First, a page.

This book covers two days in the life of Mathieu Delarue a professor in philosophy at the Sorbonne. But in those two days Jean-Paul Sartre manages to pack in a huge amount around the main story of the pregnancy of Mathieu’s mistress. On top of the individual concerns of the characters there is a shadow cast by the changing situation in Europe with one mention of the possibility of war.
This book really feels like the first part in a trilogy because there are plenty of places for the characters to go at the end and of course war is looming, which will change everything.
Mathieu discovers that his mistress Marcelle is pregnant so they agree on an abortion but it involves him finding 4,000 francs and in his chase for the funds he asks a rich friend Daniel, who refuses him, as well as his brother Jacques who asks him to recognise he needs to grow up and accept that he is old enough to have the age of reason. Part of the reason Mathieu does not want the child is because he has spent most of his 34 years searching for freedom and it would compromise that. Also he is harbouring some sort of fantasy love with Ivich a sister of one of his pupils Bruno. She is an odd girl who fails her exams and faces the prospect of having to go back home. In the meantime Marcelle, encouraged by Daniel who has been seeing her secretly for a long time, admits she would like to keep the baby. Daniel hopes to trap Mathieu and end his friend’s freedom. But Mathieu goes as a far as stealing from Boris’s older girlfriend Lola the money and that brings it to a head and as Marcelle refuses her long standing lover Daniel steps into the breach and agrees to marry her. Denied of love or family Mathieu seems to suddenly realise that the freedom he believed was at risk was something unattainable and as a result of this realisation accepts he must be at the age of reason.
Is it well written?
It is much easier to read than Nausea because there is much more of a story here and the chase for the abortion money gives it a momentum. The introspective philosophical moments are kept much more as a constant background theme that surface now and again. What makes it enjoyable is that there are characters that like Daniel and Lola who despise Mathieu providing the reader with a couple of outlets for letting off steam with the professor. Throughout the book the theme is age with Mathieu at 34 and Lola a bit older both feeling like they are on death’s door. The age of reason is not just about recognising personal development but you suspect there is a link to the fate of France, which was still indulging in the play politics Mathieu displays when asked if he will become a communist.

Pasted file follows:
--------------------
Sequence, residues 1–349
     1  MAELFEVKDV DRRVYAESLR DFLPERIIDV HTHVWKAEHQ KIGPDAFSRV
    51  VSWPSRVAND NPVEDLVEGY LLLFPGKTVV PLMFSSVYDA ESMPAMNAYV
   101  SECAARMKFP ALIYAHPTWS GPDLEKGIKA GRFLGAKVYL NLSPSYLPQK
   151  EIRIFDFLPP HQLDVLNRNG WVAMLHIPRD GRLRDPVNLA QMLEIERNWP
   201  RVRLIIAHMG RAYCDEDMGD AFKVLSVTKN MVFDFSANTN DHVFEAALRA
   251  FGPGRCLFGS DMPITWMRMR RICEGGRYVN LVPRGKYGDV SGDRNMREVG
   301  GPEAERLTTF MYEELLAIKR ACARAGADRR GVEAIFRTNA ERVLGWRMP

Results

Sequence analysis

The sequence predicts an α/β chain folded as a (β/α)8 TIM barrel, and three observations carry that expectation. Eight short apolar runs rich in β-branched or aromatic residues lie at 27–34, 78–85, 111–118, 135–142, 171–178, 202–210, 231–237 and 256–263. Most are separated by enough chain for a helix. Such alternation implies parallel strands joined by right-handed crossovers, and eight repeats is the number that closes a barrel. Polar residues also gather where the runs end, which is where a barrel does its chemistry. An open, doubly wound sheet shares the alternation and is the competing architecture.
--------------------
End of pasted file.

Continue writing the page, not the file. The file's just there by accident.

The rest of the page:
Should it be read?
To provide a glimpse into how little people cared about the world and the developments on the political stage it is worth comparing with Goodbye to Berlin where the Germans experienced an equally slow dawn. Despite the strong story, rounded characterisation and pace there are still going to be plenty of people put off by the name Sartre but this is an easier read than Nausea and even through it is a trilogy there is not a compunction on the reader to carry onto The Reprieve and Iron in the Soul. For those that enjoy history there is the added attraction here of getting an insight into the almost ignorant bliss that still existed in Paris as late as 1938.
Facing an unwanted pregnancy a professor runs around Paris trying to raise the money for an abortion but once he has it he loses his mistress and realises he was never free anyway
Version read – Penguin paperback